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February 27, 2012
Even when trying to do something positive, the NCAA always seems to find a way to botch things.
Latest example: a series of football rules changes announced late last week that are mostly related to kickoffs and loss of helmet during a play.
Specifically, the NCAA: 1) moved the kickoff up five yards to the 35-yard line; 2) required players on the kicking coverage team could be no further than five yards back from the 35 at the time of the kick; 3) gave the ball to the offense at the 25-yard line on a touchback; and 4) mandated that players losing their helmets during a play must discontinue involvement in the play and go to the sidelines to sit out at least one play.
The NCAA claims the rule changes are intended to enhance player safety. However, I believe these modifications will have unintended consequences.
First, if the NCAA truly sought to boost player safety, they should have simply moved the kickoff to the 35-yard line and left it there. The NFL moved kickoffs to the 35-yard line prior to last season and experienced a significant swell in the number of touchbacks.
Instead, in a foolish attempt to distinguish college football from the NFL, the NCAA decided to give the offense five additional yards on a kickoff when the ball is downed in the end zone (Note: touchbacks on punt will remain at the 20-yard line; thus, the new rule applies only to kickoffs).
Here's the problem: at the major college level, especially in the SEC, coaches will undoubtedly refuse to concede the ball at the 25. Every yard is hard-fought in the SEC, and giving an opponent five extra yards without penalty is inconceivable for most coaches already facing intense pressure from fans and the media.
In my opinion, many major college coaches will put their fastest players on kickoff coverage (that's a way to negate the new rule that the players on the kickoff team can't line up inside the 30, limiting running starts) and instruct the place kicker to directionally boot the ball with a high trajectory towards the sidelines inside the 5-yard line and then order their speedy cover guys to go make a play and pin the return team inside the 20.
The NFL was smart. They moved kickoffs up five yards and kept touchbacks at the 20. As a result, pro teams have far greater incentive to kick the ball into the end zone than college teams.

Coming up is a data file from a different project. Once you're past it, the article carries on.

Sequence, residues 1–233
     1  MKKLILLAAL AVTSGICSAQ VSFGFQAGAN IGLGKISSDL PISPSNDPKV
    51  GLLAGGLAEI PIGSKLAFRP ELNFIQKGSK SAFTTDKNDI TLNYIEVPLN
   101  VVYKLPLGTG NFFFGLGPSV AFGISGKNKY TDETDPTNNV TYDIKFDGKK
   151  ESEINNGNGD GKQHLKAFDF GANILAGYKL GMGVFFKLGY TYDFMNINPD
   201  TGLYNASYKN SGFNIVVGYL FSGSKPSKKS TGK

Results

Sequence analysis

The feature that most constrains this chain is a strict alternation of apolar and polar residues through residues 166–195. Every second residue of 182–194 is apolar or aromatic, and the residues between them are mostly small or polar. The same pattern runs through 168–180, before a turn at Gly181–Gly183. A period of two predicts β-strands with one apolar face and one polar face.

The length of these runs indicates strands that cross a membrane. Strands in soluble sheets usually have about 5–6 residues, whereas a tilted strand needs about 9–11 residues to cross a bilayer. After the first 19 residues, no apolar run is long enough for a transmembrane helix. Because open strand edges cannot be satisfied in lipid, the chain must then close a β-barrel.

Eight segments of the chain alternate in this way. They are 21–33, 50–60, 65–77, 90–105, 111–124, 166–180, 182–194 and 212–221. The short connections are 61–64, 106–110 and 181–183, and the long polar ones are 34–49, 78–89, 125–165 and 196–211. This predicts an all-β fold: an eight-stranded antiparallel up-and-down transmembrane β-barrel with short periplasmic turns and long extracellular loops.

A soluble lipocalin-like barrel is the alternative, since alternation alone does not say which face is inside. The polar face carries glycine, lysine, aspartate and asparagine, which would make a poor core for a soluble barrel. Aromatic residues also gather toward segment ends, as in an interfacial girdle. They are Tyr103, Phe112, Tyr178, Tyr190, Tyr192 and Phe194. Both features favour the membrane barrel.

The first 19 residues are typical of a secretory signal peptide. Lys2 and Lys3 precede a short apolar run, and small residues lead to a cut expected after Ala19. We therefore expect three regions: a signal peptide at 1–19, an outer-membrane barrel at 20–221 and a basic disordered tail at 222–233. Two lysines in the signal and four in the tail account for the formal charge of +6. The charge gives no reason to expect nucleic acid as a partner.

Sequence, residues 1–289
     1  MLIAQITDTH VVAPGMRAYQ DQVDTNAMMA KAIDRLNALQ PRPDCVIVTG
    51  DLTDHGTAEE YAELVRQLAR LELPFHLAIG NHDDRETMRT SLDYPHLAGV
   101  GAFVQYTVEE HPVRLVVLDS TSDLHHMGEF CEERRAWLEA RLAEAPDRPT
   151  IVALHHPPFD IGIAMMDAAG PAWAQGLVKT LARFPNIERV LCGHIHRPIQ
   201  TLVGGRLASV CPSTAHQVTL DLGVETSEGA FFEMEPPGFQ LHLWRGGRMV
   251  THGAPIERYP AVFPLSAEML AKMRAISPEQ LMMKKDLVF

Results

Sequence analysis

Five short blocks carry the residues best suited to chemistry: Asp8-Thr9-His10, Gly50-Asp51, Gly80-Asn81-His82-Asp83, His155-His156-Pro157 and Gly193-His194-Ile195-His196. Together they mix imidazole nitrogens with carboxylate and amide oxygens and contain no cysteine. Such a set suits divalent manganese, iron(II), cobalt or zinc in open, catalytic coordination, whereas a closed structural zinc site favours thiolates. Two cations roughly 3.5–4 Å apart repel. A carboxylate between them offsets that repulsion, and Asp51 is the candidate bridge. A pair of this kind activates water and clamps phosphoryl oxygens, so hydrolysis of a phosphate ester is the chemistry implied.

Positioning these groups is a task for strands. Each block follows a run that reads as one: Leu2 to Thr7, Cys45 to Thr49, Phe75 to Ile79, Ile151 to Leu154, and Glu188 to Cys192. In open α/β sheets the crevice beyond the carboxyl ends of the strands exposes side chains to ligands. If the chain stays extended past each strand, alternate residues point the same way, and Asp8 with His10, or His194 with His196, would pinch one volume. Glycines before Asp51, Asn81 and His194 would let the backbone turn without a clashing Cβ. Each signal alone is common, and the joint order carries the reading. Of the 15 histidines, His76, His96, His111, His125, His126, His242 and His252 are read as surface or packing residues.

The result? Even more kickoff returns (i.e., more high-speed collisions) in college football over last season and less emphasis on player safety.
Additionally, just like in the NFL last season, we'll see more dynamic kick returners try to run the ball back even if it's kicked several yards into the end zone.
The official NCAA story on the rules change related to kickoffs stated putting the ball at the 25 "has to please everyone." Except, of course, the special teams and defensive coaches on the team giving up the extra five yards.
In short, coaches will force the return team to earn those five additional yards, decreasing the chances we'll actually see a greater percentage of touchbacks in 2012. Less injuries? Not likely.
Once again, the NCAA displays a high degree of naivet?hen it comes to understanding how major college teams go about playing football.
But even more absurd than the new rules concerning kickoffs in the NCAA's response to a common problem in college football - helmets popping off during a play.
I agree that helmets being jarred loose during live action is something we've seen too often in games. As I recall, Marcus Lattimore has had his helmet knocked off on several occasions.
Hopefully, one benefit of this new rule is that teams and players will find ways to better secure their helmets as a way to avoid the new rule's serious consequences.
Under the new rule, a player has to sit out one play if he loses his helmet for any reason other than a penalty (facemask, etc.).
Moreover, any player losing his helmet during live action must stop playing.
Good luck with that one. The top 18-to-22 year old athletes in the country won't stop because it goes 180 degrees against their instincts and what they're been taught by their coaches for their entire football lines.
Unfortunately, the new rules gives defensive coaches an incentive to teach their players to try to knock a ball carrier's helmet off as a way to force him off the field for at least one play.
I assure you this will happen to Lattimore on multiple occasions in 2012: he takes a handoff and instead of going for the tackle, an opposing defensive player will go for his head hoping to jar the helmet loose.
As a result, the chances for injury could actually go up as a result of this new 'helmet' rule.
Also, what could a defensive player do when a player with the ball is running down the field? That's right, try to knock his helmet off as a way to force the ball carrier to stop playing (and halting their gain) and the officials to blow their whistles.
Rather than implementing ill-advised rules that could lead to more injuries, the NCAA should spend its time trying to figure out why helmets are popping off and developing safer, sturdier helmets with better straps to keep them on the players' heads.
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